I took my first improv class in 1998. I was hooked. The thing that struck me most after taking those first few improv classes was why the rest of the world didn’t operate under the same principles that made improvisation beautiful. If it worked on stage with a bunch of strangers – then why not the real world?
I was fortunate enough to turn a wonderful hobby into an important part of my life, and partially a career. Almost 15 years later, with hundreds of shows and countless teaching hours under my belt, I am still struck why the rest of the world doesn’t embrace the principles of improv.
For years I wanted to write a book that would present the magic of improvisation in a way that unpacks its practicality for the rest of the world to see and learn.
Her book is Improv Wisdom. I was so impressed I had to reach out and see if she would be interested in being featured on the site. Of course, she said YES!
Travis: Patricia, “Yes” to me means purpose, and it is also the cornerstone of improvisation. In thinking of yourself, what does YES mean to you?
Patricia: For me YES is about Reality . . . YES takes me to a clear look at things as they are rather than how I want them to be or about my fantasy. The world of YES, the mind of YES is a celebration of what is actually going on. And, the discipline to use the YES muscle is always about coming back again and again to what is real. What is now. What is happening. When I say YES to my immediate reality (in a scene or in life) I accept whatever it is with an openness.
Saying YES does not mean that I necessarily like what is in front of me, but it does mean that I must enter it and accept it. I think one of the biggest lessons in improv is about acceptance. To enter this world I must accept my partner’s ideas (and build on them . . . YES-AND), I must accept my own ideas . . . using what my mind brings me without judgment or criticism, and I must accept what Reality brings me and work with it. No turning my back, no running away. YES invites me to face reality, or as I like to think of it Reality.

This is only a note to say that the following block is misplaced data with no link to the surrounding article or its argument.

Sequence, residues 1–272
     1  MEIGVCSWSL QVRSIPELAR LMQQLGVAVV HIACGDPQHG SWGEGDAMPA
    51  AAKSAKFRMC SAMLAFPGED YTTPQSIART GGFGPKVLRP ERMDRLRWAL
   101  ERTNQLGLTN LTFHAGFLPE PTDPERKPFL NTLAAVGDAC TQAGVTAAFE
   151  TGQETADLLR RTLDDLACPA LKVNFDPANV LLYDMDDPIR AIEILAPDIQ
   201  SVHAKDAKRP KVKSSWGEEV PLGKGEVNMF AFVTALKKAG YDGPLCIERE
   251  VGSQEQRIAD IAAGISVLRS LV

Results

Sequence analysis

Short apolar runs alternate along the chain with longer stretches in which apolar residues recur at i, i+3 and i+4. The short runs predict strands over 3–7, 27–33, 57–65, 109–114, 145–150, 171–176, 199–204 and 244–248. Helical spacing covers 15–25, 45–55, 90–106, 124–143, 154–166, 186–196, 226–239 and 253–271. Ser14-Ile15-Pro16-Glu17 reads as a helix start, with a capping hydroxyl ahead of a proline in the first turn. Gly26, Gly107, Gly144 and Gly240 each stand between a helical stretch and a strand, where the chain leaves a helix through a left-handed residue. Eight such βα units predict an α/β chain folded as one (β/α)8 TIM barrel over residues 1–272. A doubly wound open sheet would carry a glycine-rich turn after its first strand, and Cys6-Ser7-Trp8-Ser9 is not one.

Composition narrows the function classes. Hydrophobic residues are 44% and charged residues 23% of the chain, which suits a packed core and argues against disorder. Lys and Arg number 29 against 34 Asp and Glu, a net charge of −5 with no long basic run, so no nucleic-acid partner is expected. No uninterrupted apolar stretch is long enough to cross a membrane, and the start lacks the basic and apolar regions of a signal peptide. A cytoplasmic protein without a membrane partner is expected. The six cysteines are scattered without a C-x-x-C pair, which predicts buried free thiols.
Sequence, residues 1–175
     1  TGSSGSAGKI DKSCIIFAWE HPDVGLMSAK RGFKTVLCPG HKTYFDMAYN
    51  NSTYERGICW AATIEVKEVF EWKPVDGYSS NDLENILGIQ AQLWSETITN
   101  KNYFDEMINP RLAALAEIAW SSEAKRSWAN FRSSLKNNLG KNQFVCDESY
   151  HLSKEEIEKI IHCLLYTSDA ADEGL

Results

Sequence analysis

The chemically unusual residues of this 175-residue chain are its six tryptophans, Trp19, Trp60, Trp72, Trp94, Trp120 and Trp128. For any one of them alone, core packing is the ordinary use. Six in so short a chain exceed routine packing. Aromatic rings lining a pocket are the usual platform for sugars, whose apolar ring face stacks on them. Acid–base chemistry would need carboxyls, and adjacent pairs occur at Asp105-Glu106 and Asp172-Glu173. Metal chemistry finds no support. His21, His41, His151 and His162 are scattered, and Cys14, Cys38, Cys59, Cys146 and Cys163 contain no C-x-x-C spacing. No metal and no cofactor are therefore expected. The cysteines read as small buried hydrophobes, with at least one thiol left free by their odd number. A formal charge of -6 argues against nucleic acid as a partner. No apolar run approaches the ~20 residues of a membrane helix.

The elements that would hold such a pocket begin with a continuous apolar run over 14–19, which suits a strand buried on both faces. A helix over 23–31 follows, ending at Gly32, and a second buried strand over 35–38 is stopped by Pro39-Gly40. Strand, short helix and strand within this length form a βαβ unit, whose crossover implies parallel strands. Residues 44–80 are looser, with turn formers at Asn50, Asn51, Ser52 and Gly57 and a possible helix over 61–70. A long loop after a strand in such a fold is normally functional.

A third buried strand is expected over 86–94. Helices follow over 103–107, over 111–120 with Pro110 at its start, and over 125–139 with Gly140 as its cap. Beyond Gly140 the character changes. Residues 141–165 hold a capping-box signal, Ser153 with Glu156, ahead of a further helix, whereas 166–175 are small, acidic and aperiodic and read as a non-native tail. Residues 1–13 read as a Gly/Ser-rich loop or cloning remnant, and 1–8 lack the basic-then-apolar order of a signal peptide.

Travis: You seem to be so clearly living your purpose right now. When did you have a good sense you were living your calling?
Patricia: I discovered the notion of purpose beginning in 1987 when I began to study the paradigm known as “Constructive Living,” a concept coined by Dr. David K. Reynolds, a teacher of mine.
The three tenants of CL are: Accept Reality, Know your Purpose, and Do What Needs to be Done. With this philosophy one is invited to consider PURPOSE instead of the commonly asked and answered question about “What am I feeling” or “what do I feel like doing.” Feelings change like the Japanese sky . . . purpose is a much more useful and reliable guide for living. I ask and answer that question dozens of times a day. It’s my guiding star: “What’s my purpose now?” And purposes come in all sizes: small and large.
Right now my purpose is to answer these questions as faithfully and helpfully as I can. Once I’ve done this, I will turn to see what my next purpose might be. It might even be “to relax” and watch some television. I don’t know right now. I wish I could say that I am always living “on purpose” . . . while that is certainly my goal, I fail at it on a regular basis. It’s very easy to get caught up in distractions and such.
Travis: Ah yes, the distractions. I am sure even you must deal with your own challenges.
Patricia: What you won’t hear from me is the complaint: “I’m just SOOO busy.” I have been careful to arrange my life since retiring from Stanford in 2005 to stay off the BUSY, BUSY, BUSY treadmill I see around me so often. I believe I manage time realistically and use it generously. I don’t feel hurried.